‘It’s like stepping into a fairytale’
Hand-crafted in the 1970s using sandstone, The Oast House in the lower Blue Mountains is unique.
Vendors Jane and Andrew Cole, who have lived at the Faulconbridge residence for five years, said it was a local icon with which they were "completely enamoured" upon first inspection.
"We came for a drive from Baulkham Hills to have a stickybeak. We got to the top of the stairs, looked at each other and said, 'I love it, do you love it?'," Mrs Cole said.
The 2315 sqm block, overlooking Sassafras Gully, contains two dwellings. A cobblestone driveway leads to a conicle building which mimics an oast house, typically used to dry hops.
The only one in mainland Australia, it has a kitchen, bathroom and living area, where paintings hung by the original owner remain.
"There are photos of it in the room at Faulconbridge train station," Mrs Cole said.
"We found a sign that said it cost $1 to come and visit the oast house - apparently the owners used to host afternoon tea there," she said.
The main three-bedroom house features exposed timber beams and shipping rope sourced from Sydney wharves.
The couple have extensively restored the home and cleared the backyard, which sons James, 5, and Charlie, 2, call their "adventure playground".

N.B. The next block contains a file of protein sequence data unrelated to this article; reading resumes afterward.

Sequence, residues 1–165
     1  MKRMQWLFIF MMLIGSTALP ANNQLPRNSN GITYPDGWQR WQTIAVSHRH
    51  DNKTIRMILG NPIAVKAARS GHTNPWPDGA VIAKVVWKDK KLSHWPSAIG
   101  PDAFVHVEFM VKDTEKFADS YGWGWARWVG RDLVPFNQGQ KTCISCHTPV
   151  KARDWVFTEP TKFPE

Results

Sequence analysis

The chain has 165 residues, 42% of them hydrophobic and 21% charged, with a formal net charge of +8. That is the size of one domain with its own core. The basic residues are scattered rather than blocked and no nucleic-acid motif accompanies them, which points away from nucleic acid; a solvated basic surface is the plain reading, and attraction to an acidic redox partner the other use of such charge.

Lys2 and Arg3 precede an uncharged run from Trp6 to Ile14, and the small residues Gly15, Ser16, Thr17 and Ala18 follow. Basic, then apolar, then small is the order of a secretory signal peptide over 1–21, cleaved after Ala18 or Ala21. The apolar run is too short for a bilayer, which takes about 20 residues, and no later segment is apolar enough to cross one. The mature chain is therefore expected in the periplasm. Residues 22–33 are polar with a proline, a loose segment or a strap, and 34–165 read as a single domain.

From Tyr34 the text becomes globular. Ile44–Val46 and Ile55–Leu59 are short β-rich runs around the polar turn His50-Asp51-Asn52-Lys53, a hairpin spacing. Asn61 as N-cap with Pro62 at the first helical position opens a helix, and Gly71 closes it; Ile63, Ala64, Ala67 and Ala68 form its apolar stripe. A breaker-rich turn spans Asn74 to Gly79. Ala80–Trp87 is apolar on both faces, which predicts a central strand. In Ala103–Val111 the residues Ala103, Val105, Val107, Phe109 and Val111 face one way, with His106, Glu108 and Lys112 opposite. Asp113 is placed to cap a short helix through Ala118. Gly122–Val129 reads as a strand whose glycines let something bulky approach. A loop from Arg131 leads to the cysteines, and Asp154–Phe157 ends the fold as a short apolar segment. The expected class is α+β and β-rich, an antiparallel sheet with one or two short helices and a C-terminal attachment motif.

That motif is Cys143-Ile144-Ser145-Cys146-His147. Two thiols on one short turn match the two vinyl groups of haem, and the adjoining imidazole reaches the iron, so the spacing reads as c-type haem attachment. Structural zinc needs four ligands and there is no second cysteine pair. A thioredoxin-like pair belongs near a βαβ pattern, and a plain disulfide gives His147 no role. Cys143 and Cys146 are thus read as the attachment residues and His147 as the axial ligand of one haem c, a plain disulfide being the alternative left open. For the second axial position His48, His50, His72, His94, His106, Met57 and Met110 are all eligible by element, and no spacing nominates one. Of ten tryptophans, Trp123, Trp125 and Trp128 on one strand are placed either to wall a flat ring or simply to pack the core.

"We really hope it goes to someone who loves it and will maintain it like we have," Mrs Cole said.
The property is listed with Chapman Real Estate Springwood and has a price guide of $1.35 million to $1.45 million.
Initially marketed via a pre-launch, targeted at database buyers, it has now been on the market for a week and has piqued the interest of buyers across Sydney.
"The main interest during the early launch came from people in the upper mountains, buyers from places like Leura, Katoomba and Wentworth Falls," agent Helen Harris said.
"There has since been interest from people living in the city, the Hills region and other lower mountains suburbs."
Ms Harris said all parties were looking to move into the main house and potentially use the oast house as in-law accommodation or a teenage retreat.
"There is nothing like it - it is so unique and being there it's like stepping into a fairytale," she said.
A WALK-THROUGH OF THE HOME
Every aspect of this character-filled abode in Faulconbridge is a standout. Approaching the driveway, it becomes clear this is not a home typical of the region.
From the striking oast house to the English cottage set behind it, the property takes you back in time.
Bordered by sandstone and walls laced with vines, the church-style front door opens to an entry hall featuring a high, pitched ceiling.
To the left is a grand lounge or pool room. Lined with timber panelling, it has a fireplace and wraps around to a cosy spot with a second fireplace and French doors leading out to landscaped gardens.
This quaint family room can also be accessed from the hallway through a low-lying, leather door.
On the other side of the entrance is a study which flows through to the kitchen, where exposed timber beams and a wall of windows create a warm, relaxed space.
It features an original stove top, a hidden pantry and storage, and links to an adjoining laundry.
Upstairs are three bedrooms, all with custom-built joinery and views of the leafy surrounds.
The main bedroom has a walk-in wardrobe and an ensuite. Extras at the main home include a cellar, attic and a garden studio.
At the front of the 2315sq m block, the self-contained accommodation has three-phase power.
The property is in a quiet street which has a bush walk leading up to the train station.